Wednesday, November 15, 2006
NEJM has an editorial about the Katrina physician/nurse homicide charges. It's written by a physician who worked in New Orleans during the disaster, and makes the very reasonable suggestion that decisions on how to care for moribund patients in similar disasters should be made prior to the disaster, not haphazardly during one.
Nathan Cherney has a review on terminal sedation in the current Nature Clinical Practice Oncology. I can't actually access the full text of the article but I appreciated his succinct summary of some people's ethical concerns with terminal sedation: Sedation is controversial in that it diminishes the capacity of the patient to interact, function, and, in some cases, live.
2 on radiation therapy from Supportive Care in Cancer. First is a review on attitudes towards palliative radiotherapy (to treat painful bone metastases) regarding the 8 Gy in a single dose vs. 20-30 Gy in multiple fractions controversy (multiple studies have shown that they are more or less equally effective, although duration of analgesia is clearly longer with with fractionated therapy). They found a wide variation of preferences among different constituencies (radiation oncologists vs patients) and locations. The study clearly supports the idea that use of single fraction therapy is not widespread, despite evidence for its use, and (surprising to me) some studies have shown that patients would prefer multiple fractions over a single dose. Perhaps it feels more like they're receiving 'real' treatment?
Along these same lines, the same issue has a prospective study looking at pain flares from palliative radiation therapy for painful bone mets. The data is from a randomized study comparing, guess what, 8 Gy single dose vs. 20 Gy fractionated therapy. Patients completed pain diaries during their treatment (this was a relatively small study of about 100 patients and only half of these agreed to do the pain diaries). Depending on how a 'pain flare' was defined it seemed to occur in 35-40% of patients overall (and a flare appeared to be more common in patients receiving single dose therapy). There was a trend toward prevention of a pain flair with concurrent dexamethasone use, although this was not statistically significant. They didn't actually talk about when the flares occurred, although presumably it was early on. This study brought to my attention the interesting research question of how does one define a 'pain flare.' They actually used a couple of definitions in this study, but basically it was at least a 2 point increase in pain score on a 0-5 Likert pain scale for at least 2 days in a row (in the absence of decreasing analgesic use) or a 50% increase in analgesic dose without an associated decrease in pain. The first criterion seems to be too conservative to me--assuming you can translate a 0-5 Likert scale to a 0-10 NRS (and yes, maybe I shouldn't be assuming this) their criterion would be at least a 4/10 increase on the NRS which seems like a lot, and one wonders if 'milder' pain flares are much more common.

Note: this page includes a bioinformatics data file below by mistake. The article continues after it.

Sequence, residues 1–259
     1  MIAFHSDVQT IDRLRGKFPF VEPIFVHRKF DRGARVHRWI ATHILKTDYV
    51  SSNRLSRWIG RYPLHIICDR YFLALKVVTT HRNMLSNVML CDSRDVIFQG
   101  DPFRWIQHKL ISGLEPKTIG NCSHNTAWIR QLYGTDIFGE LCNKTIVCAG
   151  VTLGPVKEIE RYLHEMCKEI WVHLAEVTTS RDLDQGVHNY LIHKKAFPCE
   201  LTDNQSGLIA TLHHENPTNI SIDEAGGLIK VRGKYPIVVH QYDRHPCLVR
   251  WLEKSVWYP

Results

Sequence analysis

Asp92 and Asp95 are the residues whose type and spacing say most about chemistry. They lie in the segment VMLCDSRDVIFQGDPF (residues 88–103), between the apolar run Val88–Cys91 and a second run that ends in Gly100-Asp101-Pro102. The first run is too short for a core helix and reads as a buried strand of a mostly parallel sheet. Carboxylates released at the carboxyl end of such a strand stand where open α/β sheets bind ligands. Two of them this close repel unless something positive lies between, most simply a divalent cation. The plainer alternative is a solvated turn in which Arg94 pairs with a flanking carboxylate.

A recent Journal of Clinical Oncology has a review on quality measures for symptoms and advanced care planning in cancer patients. To make a long story short, there are many measures, most of them seem reasonable (that's my gloss), however there's little evidence (yet) that implementation of these quality measures improves quality of care. The article does provide a nice collation of the many articles trying to develop quality measures, and may be a useful starting point for quality improvement projects.